Charcoal also contains water. 2/ Cited by Foley (1986). according to EN 1860. Charcoal: Carbon (fix). oxygen. wet basis < 8% Granulation [d > 80 mm] < 10% [d > 20 mm] > 80% [0 mm < d < 10 3 mm] < 7% Bulk density > 130 kg/m b Charcoal briquettes: Carbon (fix). Major quality issues are reviewed in Table 1. Tabel 1. 4/ EN 18602:2005. consisting of hydrogen. dry basis < 18% Moisture. for dry basis values. including the pores. dry basis < 8% Moisture. and nitrogen.volatile matter ash. dry basis > 75% Ash. the amount being dependent on ambient temperature and humidity. Standards for barbecue charcoal and charcoal briquettes. 4 o 1/ kg/m a is the apparent density. dry basis > 60% Ash.FAO TCP 3101: Industrial charcoal production    This carbon is a finely crystalline and practically free of sulfur. In the European Union the quality of barbecue charcoal is specified in standard EN 1860-2:2005. Charcoal also contains volatiles that may escape at elevated temperatures (obviously above the charcoal manufacturing process of approximately 400 C).5-5%m. Approximately. Moisture content varies between 5 %m-8 %m. It assumes the volume of a piece of charcoal. Ash content is approximately 1. wet basis < 8% Granulation 8 3   . 3/ These are dry basis values. fixed carbon = total charcoal .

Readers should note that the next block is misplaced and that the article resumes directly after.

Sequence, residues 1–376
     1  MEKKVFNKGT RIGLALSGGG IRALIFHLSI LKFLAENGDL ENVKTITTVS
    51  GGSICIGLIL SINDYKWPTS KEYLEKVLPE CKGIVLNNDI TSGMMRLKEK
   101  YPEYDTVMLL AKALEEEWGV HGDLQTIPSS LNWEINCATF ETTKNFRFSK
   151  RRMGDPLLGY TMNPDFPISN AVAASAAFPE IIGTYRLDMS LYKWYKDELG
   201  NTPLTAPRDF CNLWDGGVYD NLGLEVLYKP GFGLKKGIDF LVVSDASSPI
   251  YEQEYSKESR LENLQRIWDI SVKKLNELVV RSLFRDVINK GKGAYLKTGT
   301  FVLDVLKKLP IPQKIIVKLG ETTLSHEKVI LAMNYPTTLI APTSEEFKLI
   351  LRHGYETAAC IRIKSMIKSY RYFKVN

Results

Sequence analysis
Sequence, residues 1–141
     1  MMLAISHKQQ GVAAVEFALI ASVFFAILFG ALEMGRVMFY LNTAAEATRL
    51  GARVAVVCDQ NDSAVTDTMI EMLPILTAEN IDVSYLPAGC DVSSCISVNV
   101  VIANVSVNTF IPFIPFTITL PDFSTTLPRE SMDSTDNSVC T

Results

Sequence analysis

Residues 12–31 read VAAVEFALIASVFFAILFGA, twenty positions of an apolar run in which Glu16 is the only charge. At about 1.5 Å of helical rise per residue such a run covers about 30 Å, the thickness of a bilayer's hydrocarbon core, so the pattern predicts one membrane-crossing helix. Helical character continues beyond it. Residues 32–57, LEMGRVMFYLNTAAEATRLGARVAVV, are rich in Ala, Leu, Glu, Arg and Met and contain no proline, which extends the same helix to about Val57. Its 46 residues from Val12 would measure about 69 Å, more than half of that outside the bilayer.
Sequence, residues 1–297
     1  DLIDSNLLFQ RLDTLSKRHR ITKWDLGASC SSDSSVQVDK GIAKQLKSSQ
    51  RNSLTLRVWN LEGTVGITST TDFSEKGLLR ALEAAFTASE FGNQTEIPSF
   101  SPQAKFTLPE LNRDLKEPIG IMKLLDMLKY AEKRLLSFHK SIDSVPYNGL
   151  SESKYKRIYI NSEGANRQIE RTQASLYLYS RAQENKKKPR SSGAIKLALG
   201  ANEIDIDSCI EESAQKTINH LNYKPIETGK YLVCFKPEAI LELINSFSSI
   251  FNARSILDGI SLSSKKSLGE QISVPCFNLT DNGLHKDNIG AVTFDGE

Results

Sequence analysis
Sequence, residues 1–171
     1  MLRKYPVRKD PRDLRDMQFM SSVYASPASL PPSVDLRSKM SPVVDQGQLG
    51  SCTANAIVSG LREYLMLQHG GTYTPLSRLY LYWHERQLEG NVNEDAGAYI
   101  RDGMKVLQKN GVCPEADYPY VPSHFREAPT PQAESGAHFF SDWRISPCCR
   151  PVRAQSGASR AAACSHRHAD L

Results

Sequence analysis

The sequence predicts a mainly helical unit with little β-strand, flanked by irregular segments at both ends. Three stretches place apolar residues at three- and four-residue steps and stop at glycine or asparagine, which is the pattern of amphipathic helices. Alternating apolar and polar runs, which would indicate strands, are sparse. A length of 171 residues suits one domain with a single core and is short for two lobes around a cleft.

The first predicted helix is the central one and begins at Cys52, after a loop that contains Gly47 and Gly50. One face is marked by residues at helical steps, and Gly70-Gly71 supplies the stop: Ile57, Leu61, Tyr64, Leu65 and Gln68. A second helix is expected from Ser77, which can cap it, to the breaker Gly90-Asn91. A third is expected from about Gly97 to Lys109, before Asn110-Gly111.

g. stone powder. wood shavings. Mok and Antal speculate that this is due to the moisture’s role as a catalyst in charcoal formation. Theoretical thermodynamical equilibrium analysis for an ideal process without heat losses shows that the charcoal making process does not require the wood to be dried further than about 50%m (w) prior to the carbonisation process. cotton seeds. In these cases the resulting charcoal needs to be briquetted. etc. To some extent the presence of moisture has a negative influence on productivity. Also. 5 o 5/ As experienced by and hypothesised by Mok et al. Charcoal and Charcoal Briquettes: Inadmissible additions Specific rules for presence of substances like e. one should go beyond thermodynamical equilibrium theory. but also for heating and evaporating all of the water contained in the wood as well. pitch.FAO TCP 3101: Industrial charcoal production    Suitable for BBQ equipment of EN 1860-1 [d < 20 mm] < 10% Binder Combustion gases cause no health hazards in contact with food. and similar products can be used. their residues. 1992) and by Antal and 9   . 1. the basic issue is whether the volatile matter released during carbonisation does not only carry sufficient energy for heating the dry-matter wood to the required processing temperature of about 400 C. The question as to what extent the wood is to be dried prior to carbonisation. such as slabs and off-cuts). in actual practice it was found that the presence of moisture may have strong positive effects on charcoal yield. should be analyzed from two angles: attainable yield and productivity. and its evaporation takes time. plastic. and analyze carbonization at the level of secondary chemical reactions of the vapours released during carbonization. sawdust. but then one has to sacrifice part of the material that otherwise could have been turned into charcoal.2 RAW MATERIAL Both hardwood and softwood can be used as a raw material. To develop an understanding of this phenomenon. Yet another aspect is. Chemical burner sustainers not permitted. This is because the heating of water. Lump wood is used directly from the forest or from wood processing industries (i. glass. However. their wood contains 50%m-60%m water (on a wet basis).: fossil coals and derivatives. bark. nutshells. fruit stones. slag. Binder is of food grade quality. One can also make charcoal from wood at higher moisture contents.e. With regard to yield. corn cobs. that drying always comes with a cost. nuts. petroleum. When trees are being cut.